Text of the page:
Foreclosure crisis phase 2: The negative equity dilemma
Many prime borrowers are being caught between devalued homes and job losses. Will Congress step in?
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But in July, for the first time, she'll miss a payment.
"I'm on [the bank's] doorstep at this point, saying, 'The savings are gone. I can't pay you as promised,' " she said.
Unless something changes, Ms. Johnson (not her real name) is set to join the nearly 2.4 million Americans with prime loans seriously delinquent on their mortgages. They are the new face of the housing crisis. Unlike subprime borrowers, most of these homeowners did everything right. They bought houses they could afford and used standard mortgages. But falling home prices and a protracted recession have pushed them into a classic squeeze: They can't keep up their mortgage payments because someone in the household has lost his or her job. They can't sell because they owe more than the home is worth.
"In the next 12 months it's going to be tragic – most people are just starting to fall behind now," said Avi Liss, a lawyer helping homeowners avoid foreclosure in the Boston area. According to the Center for Responsible Lending, a nonprofit research and policy group, as many as 9 million homeowners could go into foreclosure between 2009 and 2012.
Is there a solution? Yes, but it's controversial. Congress would have to force banks to write off part of homeowners' troubled loans as a way to keep them in their homes.
There are plenty of reasons to avoid this course. Chief among them is the moral hazard. If banks write down one homeowner's loans because of hardship, what's to keep other homeowners from claiming hardship, too? And the losses don't accrue to some faceless bank; they add up for individual shareholders and pension funds that have money tied up in mortgage loans.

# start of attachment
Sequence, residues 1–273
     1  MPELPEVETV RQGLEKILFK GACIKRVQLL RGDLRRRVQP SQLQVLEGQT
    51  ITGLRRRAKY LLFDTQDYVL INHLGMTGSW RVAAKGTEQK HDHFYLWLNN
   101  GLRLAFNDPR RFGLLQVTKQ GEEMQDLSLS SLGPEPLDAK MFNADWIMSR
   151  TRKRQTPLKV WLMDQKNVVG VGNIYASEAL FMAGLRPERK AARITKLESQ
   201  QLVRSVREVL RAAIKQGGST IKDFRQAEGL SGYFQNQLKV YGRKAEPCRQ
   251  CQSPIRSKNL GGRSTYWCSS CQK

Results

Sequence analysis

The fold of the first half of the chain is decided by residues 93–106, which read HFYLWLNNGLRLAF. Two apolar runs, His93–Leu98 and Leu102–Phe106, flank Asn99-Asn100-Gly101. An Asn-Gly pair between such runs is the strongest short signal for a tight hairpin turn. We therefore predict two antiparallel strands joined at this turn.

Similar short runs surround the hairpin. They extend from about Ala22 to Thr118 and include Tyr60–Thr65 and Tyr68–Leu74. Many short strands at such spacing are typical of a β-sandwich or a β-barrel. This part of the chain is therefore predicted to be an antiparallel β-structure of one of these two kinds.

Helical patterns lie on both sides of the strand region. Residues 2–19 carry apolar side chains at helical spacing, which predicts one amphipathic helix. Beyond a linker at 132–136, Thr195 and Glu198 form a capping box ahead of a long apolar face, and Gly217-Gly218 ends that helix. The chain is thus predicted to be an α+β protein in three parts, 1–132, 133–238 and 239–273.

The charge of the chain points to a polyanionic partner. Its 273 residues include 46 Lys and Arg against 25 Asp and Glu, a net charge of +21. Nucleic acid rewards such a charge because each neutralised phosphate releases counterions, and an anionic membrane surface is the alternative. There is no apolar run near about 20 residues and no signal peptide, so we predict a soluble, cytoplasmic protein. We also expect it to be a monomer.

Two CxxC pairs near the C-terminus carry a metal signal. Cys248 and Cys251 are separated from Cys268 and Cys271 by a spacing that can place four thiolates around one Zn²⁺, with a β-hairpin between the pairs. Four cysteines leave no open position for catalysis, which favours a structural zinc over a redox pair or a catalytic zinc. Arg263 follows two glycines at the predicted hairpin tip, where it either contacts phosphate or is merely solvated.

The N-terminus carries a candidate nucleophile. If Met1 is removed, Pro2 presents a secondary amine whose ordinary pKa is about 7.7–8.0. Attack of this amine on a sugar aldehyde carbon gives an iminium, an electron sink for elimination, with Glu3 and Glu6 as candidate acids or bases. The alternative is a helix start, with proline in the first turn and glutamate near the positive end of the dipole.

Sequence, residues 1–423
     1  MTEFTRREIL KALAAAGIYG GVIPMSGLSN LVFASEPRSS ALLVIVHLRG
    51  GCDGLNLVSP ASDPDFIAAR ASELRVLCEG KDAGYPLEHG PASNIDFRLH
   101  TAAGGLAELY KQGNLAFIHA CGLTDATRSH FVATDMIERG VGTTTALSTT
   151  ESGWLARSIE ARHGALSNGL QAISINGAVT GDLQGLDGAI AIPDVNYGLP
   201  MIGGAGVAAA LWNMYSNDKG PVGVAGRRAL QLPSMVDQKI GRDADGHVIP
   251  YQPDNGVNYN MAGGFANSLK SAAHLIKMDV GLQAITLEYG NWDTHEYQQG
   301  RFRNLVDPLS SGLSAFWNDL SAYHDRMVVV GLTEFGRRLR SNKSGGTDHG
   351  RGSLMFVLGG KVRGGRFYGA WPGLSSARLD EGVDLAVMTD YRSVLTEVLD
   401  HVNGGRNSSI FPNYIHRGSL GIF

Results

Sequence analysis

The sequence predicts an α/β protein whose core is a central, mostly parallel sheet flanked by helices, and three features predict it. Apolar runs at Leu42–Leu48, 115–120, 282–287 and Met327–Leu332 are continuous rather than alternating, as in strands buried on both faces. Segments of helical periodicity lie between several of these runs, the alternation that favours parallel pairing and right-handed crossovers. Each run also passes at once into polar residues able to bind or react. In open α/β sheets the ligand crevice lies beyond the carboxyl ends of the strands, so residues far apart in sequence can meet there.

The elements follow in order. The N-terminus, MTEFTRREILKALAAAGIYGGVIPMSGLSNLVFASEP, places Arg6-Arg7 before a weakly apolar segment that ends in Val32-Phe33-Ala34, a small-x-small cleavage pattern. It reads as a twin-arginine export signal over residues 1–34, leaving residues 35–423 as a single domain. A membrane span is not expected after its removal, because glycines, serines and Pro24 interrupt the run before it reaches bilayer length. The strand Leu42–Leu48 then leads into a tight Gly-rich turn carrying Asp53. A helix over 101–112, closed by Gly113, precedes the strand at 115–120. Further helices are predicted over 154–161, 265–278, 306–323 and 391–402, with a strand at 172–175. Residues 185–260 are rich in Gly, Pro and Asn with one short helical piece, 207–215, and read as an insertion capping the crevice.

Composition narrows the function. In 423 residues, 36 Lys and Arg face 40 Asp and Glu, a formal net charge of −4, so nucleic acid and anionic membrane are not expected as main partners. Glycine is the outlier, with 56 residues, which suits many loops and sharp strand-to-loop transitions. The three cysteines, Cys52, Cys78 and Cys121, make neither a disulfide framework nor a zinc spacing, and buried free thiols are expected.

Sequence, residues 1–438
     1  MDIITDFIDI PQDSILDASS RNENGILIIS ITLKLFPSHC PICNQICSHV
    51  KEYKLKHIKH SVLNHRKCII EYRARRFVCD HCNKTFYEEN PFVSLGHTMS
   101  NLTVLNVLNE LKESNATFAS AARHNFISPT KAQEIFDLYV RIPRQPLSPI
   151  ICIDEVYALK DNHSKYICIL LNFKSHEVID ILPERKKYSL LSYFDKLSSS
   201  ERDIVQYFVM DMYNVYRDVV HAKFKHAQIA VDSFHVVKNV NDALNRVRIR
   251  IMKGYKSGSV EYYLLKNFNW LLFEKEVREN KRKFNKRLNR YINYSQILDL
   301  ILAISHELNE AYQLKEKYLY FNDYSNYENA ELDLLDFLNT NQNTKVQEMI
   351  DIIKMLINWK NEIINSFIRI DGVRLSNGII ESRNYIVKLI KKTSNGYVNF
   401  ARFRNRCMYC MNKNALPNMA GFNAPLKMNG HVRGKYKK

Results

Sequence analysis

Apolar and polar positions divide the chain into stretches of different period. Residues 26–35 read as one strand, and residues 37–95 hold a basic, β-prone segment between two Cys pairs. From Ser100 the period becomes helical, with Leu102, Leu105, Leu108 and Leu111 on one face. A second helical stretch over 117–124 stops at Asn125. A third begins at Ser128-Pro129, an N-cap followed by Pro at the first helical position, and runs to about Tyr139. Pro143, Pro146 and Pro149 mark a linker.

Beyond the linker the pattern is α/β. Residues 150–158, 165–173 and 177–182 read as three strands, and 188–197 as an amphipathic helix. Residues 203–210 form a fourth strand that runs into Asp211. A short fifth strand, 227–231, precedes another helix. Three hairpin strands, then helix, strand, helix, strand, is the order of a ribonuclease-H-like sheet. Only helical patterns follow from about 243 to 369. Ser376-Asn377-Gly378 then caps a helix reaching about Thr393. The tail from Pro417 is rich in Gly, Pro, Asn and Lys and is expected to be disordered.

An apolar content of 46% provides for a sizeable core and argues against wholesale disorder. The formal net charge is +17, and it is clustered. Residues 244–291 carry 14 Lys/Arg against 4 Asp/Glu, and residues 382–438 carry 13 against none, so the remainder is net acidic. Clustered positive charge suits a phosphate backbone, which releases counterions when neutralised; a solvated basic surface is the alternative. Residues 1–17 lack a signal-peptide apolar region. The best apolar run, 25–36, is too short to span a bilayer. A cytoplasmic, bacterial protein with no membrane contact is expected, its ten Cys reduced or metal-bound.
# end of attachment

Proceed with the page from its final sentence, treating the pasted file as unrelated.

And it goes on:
"In a way, reducing principal is like rewarding [homeowners] for backing out of an obligation," said Stan Longhofer, director of the Center for Real Estate at Wichita State University in Wichita, Kan.
But the current program isn't working either, critics say. And the debt write-down happens anyway, whether a homeowner goes through foreclosure or the house is relinquished in a short sale. So isn't it better, they ask, for the bank to take its losses early and keep the owner in his home?
Foreclosed on, but kept his home
Osazee Egharevba, a Nigerian immigrant who came to the Boston area in 2000 after his wife passed away, worked two jobs and saved enough to bring over his five children in 2006. That same year he purchased a two-family home. He could afford the $3,950 monthly payments by renting out the first floor.
Then Mr. Egharevba lost one job, and the extra $800 a week it brought in, and started missing payments. Deeply "underwater" on the $510,000 property (owing more than it was worth), he was foreclosed on this past winter, after five failed attempts at attaining a loan modification.
"My children were going to be on the street because there was no way, there was no home," he said.
But he stayed in the house. In April 2010, a nonprofit called Boston Community Capital was able to buy the home and sell it back to him for $296,000 – the home's current value. His monthly payment has fallen to a manageable $2,300. Egharevba doesn't get off scot-free. He is bound to share with BCC any profit he makes when he sells the property.
"There's no incentive for someone to do this to make money," says Patricia Hanratty, who runs the loan program at BCC. "This is for people who desperately want to save their homes."